Thursday, November 17, 2011

Pornography: Andrea Dworkin (1991) a British documentary about her work against graphic sexxxism

portrait of Andrea Dworkin is from here
What is sometimes forgotten when one considers Andrea's work against the pornographers, pimps, traffickers, and men who consume pornography as a way to get a sexual male supremacy fix as well as another lesson in how to be a misogynist, is that Dworkin was not a single-issue activist. Her work was against white and male supremacy and that included a lot of social-economic-political terrain.

The problem with the pornography industry, first and foremost, is that it is white and male supremacist and promotes anti-woman and anti-feminist practices in men. It also promotes those practices in women and trans people too.

When I hear her addressing an audience or crowd, what strikes me is that it is so uncommon for anyone in media or in front of a camera to be deeply outraged by any form of structural violence that targets women and girls specifically and systematically, perhaps most especially if the women and girls are not privileged by class and race. We all know that the chances of dominant media caringly, insightfully, and consistently reporting on the disappearance and murder of poor women and girls of color are low to non-existent.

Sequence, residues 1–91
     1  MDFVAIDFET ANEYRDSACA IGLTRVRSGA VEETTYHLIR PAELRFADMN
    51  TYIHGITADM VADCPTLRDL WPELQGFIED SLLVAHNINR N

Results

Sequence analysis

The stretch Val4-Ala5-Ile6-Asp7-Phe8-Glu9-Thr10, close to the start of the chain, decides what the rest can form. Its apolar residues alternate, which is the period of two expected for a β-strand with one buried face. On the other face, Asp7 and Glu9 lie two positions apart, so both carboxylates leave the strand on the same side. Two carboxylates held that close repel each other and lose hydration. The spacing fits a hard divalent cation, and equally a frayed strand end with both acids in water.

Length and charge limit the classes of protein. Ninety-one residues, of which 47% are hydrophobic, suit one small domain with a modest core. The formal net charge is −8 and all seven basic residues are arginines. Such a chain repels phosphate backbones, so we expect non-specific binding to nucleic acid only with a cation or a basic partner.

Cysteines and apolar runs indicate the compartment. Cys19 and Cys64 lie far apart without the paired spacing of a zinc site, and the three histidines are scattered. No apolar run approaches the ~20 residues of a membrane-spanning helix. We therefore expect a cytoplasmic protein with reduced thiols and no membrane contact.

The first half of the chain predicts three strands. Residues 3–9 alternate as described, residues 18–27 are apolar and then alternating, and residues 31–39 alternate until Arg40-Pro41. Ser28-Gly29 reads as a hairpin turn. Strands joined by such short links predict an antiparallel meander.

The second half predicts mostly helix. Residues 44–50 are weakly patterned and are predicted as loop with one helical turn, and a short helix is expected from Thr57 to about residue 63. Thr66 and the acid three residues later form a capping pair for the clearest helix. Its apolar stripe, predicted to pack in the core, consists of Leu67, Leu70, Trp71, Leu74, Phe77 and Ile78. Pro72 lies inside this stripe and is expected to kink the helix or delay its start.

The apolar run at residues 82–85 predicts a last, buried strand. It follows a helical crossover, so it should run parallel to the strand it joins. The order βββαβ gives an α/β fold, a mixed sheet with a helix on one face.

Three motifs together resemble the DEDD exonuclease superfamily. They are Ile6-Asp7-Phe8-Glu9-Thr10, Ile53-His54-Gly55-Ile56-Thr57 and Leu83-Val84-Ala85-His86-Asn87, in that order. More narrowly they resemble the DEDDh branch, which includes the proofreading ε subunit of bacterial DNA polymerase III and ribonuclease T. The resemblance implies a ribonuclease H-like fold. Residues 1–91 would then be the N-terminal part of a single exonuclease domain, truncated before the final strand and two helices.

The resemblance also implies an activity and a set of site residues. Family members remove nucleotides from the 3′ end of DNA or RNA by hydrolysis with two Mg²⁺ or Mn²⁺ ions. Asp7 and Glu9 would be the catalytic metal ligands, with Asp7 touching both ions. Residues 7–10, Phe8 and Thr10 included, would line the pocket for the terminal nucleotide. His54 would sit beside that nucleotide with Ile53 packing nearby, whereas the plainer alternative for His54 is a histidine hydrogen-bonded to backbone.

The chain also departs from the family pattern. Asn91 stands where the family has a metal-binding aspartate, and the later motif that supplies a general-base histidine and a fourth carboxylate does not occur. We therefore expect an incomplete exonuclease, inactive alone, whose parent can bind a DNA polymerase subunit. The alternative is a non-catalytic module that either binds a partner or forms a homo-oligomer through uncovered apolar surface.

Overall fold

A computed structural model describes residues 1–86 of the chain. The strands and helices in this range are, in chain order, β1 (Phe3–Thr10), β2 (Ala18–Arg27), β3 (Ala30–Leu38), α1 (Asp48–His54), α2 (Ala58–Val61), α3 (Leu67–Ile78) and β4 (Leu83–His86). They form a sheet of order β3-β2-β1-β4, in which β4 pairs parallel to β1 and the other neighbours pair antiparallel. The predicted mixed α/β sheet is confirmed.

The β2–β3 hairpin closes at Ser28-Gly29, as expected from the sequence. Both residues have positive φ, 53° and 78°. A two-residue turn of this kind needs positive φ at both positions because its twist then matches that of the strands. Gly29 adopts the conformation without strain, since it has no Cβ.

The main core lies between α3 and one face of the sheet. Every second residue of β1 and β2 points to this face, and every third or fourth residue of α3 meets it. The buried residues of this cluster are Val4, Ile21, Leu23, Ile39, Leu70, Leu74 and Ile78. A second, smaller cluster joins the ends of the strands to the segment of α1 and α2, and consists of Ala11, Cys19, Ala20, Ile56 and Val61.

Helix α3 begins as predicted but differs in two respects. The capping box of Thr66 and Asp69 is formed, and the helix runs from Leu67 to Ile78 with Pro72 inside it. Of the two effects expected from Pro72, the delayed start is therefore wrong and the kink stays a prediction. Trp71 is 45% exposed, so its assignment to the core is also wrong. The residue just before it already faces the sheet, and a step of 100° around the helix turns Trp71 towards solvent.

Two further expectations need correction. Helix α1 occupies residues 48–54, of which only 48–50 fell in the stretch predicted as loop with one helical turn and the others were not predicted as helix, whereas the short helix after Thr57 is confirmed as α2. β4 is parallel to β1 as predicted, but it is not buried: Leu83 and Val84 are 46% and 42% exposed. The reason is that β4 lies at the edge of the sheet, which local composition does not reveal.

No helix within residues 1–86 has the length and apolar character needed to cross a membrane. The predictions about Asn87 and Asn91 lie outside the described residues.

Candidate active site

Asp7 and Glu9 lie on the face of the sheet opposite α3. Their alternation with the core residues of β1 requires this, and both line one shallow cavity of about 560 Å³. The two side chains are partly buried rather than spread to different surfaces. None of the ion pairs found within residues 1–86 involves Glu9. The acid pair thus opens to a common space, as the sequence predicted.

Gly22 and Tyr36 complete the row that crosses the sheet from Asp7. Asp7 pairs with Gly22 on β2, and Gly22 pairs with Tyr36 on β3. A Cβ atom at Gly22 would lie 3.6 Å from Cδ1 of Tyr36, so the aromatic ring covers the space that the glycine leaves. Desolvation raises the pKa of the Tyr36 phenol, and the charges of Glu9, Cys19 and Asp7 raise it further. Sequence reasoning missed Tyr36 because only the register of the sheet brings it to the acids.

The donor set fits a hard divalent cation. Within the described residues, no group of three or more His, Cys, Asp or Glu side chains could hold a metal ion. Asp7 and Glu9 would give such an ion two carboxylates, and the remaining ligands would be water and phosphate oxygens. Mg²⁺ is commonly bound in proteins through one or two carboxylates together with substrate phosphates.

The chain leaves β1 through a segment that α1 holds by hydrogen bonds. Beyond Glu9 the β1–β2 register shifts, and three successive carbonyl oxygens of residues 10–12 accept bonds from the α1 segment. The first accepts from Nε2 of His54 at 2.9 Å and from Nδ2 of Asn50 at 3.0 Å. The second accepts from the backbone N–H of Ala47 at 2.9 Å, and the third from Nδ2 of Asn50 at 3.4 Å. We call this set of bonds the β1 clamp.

To hear Andrea address a group on political matters is to be reminded of what an appropriate response is to white and male supremacist and racist-misogynist violence.

Here is the link to the documentary, on YouTube:


  1. This just shows that absolutely nothing has changed over the years. White male supremacy is as deadly to women and girls now just as it always has been.

  2. This makes me so frustrated: why hasn't the US done a film, a conference, anything to homor her life's work? She was one of ours!

    I'm tired of seeing such brilliant feminsts 'dissapeared', by the publishing industry who won't publish them and the universities who won't celebrate them. I've read that feminism is in a slightly better state in the UK than in the US, and this proves it.

  3. Hi lauren,

    I have seen over the decades how the UK has generally held a more favorable level of regard and respect for Andrea. I hesitate to wager a guess as to why that is but I suspect one reason is the virulent anti-radicalism that is so much a part of dominant US society. Progressive and radical stances on everything are put down here, as I'm sure you know. And I find that is particularly the case with regard to feminism. Anything women do that is at all challenging to or critical of the status quo that directly addresses how girls and women are harmed by men and male supremacy is either ignored or insulted. And then there's the peculiar form of anti-intellectualism that is rampant here. Silly arguments about nothing, and ridiculousness passed around as thoughtful "debate"--such as what Newt Gingrich engages in, are commonplace here. There's hardly any room at all in the US for serious thinking, let along serious activism. Even academic thinking usually has to cater to conservative to liberal forces.

    I'm only glad that while she was alive, Andrea found some people in other parts of the world who politically understood and deeply appreciated her work.